Tuesday, January 16, 2024

Hexagonal city grids

Many years ago I posted about hexagonal city grids: https://art-of-logic.blogspot.com/2014/12/hexagonal-grid-city-life.html. I recently saw City Beautiful's YouTube video about hexagonal city grids, which rekindled my interest in them. Apparently, hexagonal city grids aren't just my fantasy.

How do you plat houses in hexagonal grids? Don't they create weird-shaped lots? Perhaps, but the problem is mitigated substantially by using the "superblock" strategy. The idea, which was developed by Barcelona, was to merge multiple blocks together into one superblock; through-traffic would be pushed to the perimeter of the superblock, whereas streets in the interior of the block would be only for residents. Here's what this could look like for hexagons:

Each triangular grid line is 200 ft. Commercial/apartment building lots are marked in red. Residential lots of approximately 50x100 ft are marked in blue. The residential streets are marked in black, whereas bike/walking paths are dashed lines. A park in the center is marked in green.

The hexagonal city block pictured is about 1,000,000 sq ft, or about 23 acres. A typical city block in most cities is somewhere about 4–5 acres, so the superblock above is about 5–6 typical city blocks.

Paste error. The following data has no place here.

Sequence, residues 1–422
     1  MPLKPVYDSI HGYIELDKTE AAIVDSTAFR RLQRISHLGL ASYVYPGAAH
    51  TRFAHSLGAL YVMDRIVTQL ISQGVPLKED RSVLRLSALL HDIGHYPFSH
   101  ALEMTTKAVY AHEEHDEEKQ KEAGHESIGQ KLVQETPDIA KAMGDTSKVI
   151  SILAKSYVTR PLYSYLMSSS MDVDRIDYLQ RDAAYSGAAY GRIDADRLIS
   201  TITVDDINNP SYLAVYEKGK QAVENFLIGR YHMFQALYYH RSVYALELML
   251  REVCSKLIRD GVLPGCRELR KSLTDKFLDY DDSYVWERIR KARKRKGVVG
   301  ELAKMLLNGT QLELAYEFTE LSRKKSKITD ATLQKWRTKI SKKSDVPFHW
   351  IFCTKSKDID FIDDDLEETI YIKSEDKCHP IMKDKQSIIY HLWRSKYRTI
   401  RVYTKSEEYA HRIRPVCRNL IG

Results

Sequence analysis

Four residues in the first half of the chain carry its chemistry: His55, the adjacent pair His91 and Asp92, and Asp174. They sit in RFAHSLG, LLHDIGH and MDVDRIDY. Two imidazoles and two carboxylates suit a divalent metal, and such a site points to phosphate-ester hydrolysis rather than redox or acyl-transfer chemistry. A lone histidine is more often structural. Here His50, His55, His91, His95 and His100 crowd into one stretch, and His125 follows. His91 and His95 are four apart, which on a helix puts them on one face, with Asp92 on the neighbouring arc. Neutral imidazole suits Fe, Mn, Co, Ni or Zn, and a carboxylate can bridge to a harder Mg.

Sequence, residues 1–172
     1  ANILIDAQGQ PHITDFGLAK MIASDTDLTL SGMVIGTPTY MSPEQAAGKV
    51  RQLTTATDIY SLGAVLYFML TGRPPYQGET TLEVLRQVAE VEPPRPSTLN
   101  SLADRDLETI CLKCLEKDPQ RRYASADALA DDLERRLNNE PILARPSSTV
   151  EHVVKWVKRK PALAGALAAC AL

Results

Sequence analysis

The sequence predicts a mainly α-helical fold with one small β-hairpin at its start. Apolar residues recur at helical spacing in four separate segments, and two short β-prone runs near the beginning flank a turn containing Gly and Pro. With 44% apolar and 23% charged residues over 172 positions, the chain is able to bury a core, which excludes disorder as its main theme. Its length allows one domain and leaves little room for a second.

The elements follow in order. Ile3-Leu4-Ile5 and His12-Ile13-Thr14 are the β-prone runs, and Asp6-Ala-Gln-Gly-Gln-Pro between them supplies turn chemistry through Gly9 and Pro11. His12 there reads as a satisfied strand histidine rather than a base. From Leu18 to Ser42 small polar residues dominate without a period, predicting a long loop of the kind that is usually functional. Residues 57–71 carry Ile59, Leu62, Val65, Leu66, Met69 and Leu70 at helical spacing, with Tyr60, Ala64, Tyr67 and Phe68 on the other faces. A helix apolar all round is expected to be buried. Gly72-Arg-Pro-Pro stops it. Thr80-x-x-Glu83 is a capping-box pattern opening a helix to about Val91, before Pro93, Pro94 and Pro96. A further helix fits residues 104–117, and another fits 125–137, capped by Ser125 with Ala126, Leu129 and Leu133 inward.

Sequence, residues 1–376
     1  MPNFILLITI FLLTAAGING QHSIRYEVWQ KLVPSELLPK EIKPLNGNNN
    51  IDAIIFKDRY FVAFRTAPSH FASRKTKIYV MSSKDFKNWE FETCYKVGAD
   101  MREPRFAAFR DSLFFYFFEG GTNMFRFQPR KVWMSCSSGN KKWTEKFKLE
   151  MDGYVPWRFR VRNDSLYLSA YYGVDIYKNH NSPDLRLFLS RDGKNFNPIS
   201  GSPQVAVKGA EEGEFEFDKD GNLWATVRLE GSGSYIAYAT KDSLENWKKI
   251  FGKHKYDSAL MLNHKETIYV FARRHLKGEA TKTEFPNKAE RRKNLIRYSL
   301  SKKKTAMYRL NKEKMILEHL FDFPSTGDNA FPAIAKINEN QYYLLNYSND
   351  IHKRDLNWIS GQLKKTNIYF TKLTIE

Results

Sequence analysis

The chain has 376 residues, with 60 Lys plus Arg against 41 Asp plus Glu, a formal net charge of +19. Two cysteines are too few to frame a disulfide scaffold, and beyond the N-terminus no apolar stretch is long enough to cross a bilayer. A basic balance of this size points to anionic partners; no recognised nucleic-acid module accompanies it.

As you can see, a few lots end up as triangles, but for the most part, rectangular lots can be preserved for most residential development.

Each residential street has only one inlet, limiting car traffic on the street to residents and residential services like trash collection, while bike/walking paths allow everyone else easy cut-throughs and connection.

However, commercial properties could have limited (by hours of business and total volume) loading docks and trash collection via the residential streets behind them, thus improving the flow of traffic on the main thoroughfares on the hexagon's perimeter.

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